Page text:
Climate change

Climate change has been affecting communities globally for decades. However, in the last few years, it has entered into public awareness and discourse in unprecedented ways. It is now clear that even with best efforts to reduce carbon emissions, major changes are underway that will affect all aspects of life on the planet.

Whilst climate change is often associated with emissions, it is mostly felt through changes to water. Changing weather patterns, extreme weather events and temperature increases change the conditions in which S&H infrastructure and services operate, and pose major threats to public health. They also add strains on sanitation infrastructure, technology, management systems and socio-economic dynamics, exacerbating the existing sanitation crisis. Already vulnerable populations are more likely to be impacted by climate change due to geographical location and existing lack or inadequacy of structures and services, whilst also being less resilient. Therefore, climate change considerations must be mainstreamed into S&H and vice versa.

The focus for S&H is two-fold: Adaptation of the sector and its human, institutional and technological systems to respond to changes in temperature, precipitation, disasters and rising sea levels. And mitigation to reduce the extent that S&H itself contributes to climate change via greenhouse gas emissions and energy consumption, for example through reuse-oriented systems.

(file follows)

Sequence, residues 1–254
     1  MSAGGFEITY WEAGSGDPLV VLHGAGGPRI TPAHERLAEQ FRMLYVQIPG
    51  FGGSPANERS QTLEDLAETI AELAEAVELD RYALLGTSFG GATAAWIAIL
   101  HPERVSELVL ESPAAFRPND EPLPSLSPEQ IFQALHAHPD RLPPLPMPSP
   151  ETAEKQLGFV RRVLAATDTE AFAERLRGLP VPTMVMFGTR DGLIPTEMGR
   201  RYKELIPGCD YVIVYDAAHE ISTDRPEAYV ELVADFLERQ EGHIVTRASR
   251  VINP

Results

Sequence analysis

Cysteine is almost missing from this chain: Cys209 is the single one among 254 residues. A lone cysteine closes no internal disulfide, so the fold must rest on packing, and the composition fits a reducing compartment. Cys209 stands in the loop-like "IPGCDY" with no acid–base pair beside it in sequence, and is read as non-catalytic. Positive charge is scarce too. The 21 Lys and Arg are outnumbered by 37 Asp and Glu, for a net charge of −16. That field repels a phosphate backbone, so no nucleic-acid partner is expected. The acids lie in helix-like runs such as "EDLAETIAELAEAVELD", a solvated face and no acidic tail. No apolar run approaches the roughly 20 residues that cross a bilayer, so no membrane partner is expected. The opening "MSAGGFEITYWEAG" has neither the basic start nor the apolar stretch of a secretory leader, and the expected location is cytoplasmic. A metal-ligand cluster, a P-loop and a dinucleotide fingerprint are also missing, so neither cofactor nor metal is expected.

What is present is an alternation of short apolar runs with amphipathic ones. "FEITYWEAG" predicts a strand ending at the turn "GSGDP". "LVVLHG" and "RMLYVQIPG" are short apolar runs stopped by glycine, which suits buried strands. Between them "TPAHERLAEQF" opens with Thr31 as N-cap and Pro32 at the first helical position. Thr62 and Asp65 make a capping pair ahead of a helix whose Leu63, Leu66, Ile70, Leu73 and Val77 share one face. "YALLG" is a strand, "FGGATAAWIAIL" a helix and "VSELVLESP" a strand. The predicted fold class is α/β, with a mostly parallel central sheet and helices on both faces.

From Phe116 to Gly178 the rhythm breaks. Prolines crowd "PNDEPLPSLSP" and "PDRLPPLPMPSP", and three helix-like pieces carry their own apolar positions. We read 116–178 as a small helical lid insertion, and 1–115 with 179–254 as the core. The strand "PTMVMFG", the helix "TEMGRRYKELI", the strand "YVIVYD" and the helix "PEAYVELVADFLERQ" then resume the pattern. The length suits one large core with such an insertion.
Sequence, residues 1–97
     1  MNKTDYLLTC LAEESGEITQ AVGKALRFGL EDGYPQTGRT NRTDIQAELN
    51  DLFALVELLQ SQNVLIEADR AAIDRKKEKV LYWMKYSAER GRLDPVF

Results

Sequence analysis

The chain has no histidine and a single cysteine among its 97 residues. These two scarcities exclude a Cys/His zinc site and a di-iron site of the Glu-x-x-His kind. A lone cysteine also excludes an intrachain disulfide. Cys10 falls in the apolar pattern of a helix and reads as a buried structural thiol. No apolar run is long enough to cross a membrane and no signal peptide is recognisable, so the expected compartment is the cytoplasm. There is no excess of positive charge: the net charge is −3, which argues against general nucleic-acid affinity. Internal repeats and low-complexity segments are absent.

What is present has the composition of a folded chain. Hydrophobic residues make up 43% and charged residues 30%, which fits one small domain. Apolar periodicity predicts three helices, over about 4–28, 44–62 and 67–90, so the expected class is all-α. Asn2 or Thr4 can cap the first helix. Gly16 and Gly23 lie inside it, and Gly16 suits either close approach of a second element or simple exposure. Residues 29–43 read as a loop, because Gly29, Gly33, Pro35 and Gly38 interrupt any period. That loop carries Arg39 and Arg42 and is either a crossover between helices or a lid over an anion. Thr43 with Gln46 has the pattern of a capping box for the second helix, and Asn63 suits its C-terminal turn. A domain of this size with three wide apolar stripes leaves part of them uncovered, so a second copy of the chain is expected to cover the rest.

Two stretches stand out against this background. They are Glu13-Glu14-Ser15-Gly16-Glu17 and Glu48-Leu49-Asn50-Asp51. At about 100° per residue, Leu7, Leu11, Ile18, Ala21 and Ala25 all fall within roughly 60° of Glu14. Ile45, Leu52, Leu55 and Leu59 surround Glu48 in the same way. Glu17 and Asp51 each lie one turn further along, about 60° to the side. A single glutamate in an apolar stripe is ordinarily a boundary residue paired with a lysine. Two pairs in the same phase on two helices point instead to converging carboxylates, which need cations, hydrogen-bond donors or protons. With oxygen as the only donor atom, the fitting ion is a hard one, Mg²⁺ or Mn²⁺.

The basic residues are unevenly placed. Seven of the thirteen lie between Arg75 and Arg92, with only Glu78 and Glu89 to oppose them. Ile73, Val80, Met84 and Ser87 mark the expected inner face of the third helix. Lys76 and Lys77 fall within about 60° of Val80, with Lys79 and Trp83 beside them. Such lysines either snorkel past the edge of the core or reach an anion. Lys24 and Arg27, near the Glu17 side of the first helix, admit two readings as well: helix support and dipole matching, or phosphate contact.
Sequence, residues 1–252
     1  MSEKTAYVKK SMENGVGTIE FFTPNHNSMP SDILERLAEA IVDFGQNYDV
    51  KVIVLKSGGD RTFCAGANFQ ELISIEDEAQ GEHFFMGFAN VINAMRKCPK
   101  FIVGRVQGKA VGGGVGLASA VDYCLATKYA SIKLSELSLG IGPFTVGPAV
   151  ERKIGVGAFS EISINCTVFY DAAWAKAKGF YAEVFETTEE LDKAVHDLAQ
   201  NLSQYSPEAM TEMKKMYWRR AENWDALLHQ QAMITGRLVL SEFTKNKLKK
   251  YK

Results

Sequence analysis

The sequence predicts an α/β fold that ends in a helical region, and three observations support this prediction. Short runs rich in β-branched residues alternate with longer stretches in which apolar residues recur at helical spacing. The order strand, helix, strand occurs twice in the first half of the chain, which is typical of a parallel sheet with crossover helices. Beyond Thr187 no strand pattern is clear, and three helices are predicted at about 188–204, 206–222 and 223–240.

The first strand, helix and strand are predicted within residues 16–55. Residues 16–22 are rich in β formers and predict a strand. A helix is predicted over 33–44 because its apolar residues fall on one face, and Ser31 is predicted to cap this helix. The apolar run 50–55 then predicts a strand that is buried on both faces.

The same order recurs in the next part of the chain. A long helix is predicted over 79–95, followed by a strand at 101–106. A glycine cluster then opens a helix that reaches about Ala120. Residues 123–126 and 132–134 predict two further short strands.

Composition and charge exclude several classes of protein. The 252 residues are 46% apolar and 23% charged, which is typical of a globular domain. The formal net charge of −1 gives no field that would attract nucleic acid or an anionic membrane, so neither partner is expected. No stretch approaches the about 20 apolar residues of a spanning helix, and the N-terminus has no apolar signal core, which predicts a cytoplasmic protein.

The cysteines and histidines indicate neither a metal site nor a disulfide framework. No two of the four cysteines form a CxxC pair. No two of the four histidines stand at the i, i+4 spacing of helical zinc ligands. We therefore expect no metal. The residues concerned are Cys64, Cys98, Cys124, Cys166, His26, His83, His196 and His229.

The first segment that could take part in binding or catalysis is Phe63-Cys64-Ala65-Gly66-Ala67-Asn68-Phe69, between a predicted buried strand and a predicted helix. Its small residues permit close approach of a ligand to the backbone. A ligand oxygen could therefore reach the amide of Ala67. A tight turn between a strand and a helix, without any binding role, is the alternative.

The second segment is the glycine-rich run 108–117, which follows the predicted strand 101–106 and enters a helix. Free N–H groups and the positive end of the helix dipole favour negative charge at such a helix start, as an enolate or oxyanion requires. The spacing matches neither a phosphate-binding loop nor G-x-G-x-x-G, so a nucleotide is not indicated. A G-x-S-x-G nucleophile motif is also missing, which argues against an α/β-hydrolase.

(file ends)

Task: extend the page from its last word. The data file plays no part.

More research is needed to understand how climate change is impacting S&H and how to address existing and emerging challenges. Attention is needed on human dimensions of the challenge as well as on resilient technologies and systems.

Existing local knowledge must be harnessed, and it is vital that communities are active participants in developing solutions. Overall, we must shift towards solutions that integrate ecosystem and resource sustainability whilst also meeting S&H and development objectives in ways that do not compromise the chances for future generations to survive and thrive.